There is a wealth of info on the net re. UDS use and if asking on this forum everyone on here.

At the end of the day it's just a big tube with a fire in the bottom. A WSM is just a posh version thereof.

Also if you have a tight budget like this chap it is all he will need. He will get to learn it pretty quick and a few problems make it more of a hobby anyway! :)
Also, you learn more from problems than if things go well. :D
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Re: Smoker buying advice

Postby QueFrescoPaul » 22 Sep 2015, 18:40

+1 to the Weber Kettle vote - it really is a versatile bit of kit, which will let you do both grilling and slow smoking.

To add to wade's advice on getting the 57cm version; also avoid anything with "compact" in the name. Weber do "compact" versions of their grills for a slightly cheaper price. There's nothing wrong with them, as such, but they have a lot shallower lid, which makes doing things like beer can chicken more difficult.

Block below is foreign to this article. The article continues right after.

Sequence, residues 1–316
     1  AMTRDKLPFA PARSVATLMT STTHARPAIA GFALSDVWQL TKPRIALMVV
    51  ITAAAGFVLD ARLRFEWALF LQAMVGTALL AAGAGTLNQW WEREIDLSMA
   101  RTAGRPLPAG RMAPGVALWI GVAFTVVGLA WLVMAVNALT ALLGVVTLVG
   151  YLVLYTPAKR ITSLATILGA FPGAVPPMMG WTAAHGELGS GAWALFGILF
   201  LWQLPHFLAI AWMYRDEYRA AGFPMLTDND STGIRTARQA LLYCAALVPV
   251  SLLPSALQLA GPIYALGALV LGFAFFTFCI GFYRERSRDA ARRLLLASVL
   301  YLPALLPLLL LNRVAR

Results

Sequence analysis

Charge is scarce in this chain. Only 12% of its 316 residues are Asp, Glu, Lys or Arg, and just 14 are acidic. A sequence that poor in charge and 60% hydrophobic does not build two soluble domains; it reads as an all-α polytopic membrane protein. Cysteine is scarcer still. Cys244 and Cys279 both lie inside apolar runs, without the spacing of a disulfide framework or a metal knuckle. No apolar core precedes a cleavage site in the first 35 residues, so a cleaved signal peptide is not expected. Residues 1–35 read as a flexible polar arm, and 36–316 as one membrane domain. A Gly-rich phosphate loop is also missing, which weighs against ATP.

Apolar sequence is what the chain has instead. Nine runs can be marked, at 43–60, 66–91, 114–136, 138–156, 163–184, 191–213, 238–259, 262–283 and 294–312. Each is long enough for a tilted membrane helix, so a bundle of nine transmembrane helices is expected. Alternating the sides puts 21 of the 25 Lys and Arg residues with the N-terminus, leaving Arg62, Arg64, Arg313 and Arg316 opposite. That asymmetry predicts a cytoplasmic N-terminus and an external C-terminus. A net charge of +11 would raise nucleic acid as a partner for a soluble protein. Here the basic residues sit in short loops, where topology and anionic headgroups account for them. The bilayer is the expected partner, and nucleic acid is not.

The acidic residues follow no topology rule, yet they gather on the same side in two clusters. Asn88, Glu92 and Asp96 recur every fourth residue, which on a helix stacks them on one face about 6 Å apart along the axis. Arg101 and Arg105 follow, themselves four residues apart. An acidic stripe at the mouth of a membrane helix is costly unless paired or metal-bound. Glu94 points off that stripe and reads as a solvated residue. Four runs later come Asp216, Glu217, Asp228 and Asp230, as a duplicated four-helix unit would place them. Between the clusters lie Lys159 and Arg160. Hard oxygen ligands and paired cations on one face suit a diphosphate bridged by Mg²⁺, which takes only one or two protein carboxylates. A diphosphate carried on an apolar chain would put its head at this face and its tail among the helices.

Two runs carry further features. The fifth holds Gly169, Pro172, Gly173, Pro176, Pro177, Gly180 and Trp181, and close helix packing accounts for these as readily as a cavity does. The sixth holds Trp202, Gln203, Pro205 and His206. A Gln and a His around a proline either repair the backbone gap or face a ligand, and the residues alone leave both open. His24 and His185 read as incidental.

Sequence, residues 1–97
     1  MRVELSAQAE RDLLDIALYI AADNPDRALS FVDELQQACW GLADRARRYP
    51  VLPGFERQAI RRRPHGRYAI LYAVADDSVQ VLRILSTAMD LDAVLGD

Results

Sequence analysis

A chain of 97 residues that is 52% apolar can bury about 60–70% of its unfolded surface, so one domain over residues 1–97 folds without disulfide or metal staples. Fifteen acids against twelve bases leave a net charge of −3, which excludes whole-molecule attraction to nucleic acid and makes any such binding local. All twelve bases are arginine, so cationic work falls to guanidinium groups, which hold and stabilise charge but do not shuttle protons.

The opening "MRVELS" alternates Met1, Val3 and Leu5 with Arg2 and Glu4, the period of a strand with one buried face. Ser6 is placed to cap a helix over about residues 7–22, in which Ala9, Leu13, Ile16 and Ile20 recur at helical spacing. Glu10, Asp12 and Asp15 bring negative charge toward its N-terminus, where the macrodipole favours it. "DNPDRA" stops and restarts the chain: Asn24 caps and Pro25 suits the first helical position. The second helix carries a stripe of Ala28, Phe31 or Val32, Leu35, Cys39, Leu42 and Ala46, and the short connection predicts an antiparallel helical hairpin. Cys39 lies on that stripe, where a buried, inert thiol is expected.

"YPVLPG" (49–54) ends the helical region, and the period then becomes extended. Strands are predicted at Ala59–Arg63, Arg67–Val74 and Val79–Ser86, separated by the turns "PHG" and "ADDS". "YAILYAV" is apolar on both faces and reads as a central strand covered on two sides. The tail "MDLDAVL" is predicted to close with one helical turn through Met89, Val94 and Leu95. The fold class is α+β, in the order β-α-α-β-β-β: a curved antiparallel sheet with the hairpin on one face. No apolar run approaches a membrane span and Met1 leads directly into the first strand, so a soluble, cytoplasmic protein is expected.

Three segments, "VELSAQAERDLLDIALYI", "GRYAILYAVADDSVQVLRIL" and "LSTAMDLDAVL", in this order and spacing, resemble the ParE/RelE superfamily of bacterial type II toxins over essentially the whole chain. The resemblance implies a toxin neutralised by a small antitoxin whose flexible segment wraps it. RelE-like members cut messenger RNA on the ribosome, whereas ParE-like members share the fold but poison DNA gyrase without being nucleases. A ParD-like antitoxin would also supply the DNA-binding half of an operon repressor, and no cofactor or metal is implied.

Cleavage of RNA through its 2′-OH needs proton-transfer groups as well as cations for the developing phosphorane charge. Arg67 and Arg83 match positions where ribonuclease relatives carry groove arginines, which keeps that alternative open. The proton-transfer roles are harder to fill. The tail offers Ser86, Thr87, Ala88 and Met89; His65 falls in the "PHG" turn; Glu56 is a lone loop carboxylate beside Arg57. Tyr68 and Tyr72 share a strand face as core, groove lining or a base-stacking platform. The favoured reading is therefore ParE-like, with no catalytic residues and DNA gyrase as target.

I'll +2 it. I actually don't like them that much because the build quality is poor. Don't get me wrong it'll last a good few years and certainly long enough for you to work out whether BBQ is your passion but after a couple of seasons do be prepared for the lid handle to come loose and the legs to fall off (the legs only fall off if you lift it to move it).

You can pick up a Weber 57 for about 80 quid at this time of year so that's £20 a year if you get 4 seasons out of it. Not too shabby considering the versatility of cooking possible.

Last point on beer can chicken on a Weber - make sure it's a small chicken or else the lid won't sit in position.
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Re: Smoker buying advice

Postby essexsmoker » 22 Sep 2015, 18:46

It depends on how you take care of it. I know a chap on the net that has had the same one for 18yrs!
Last edited by essexsmoker on 23 Sep 2015, 08:54, edited 1 time in total.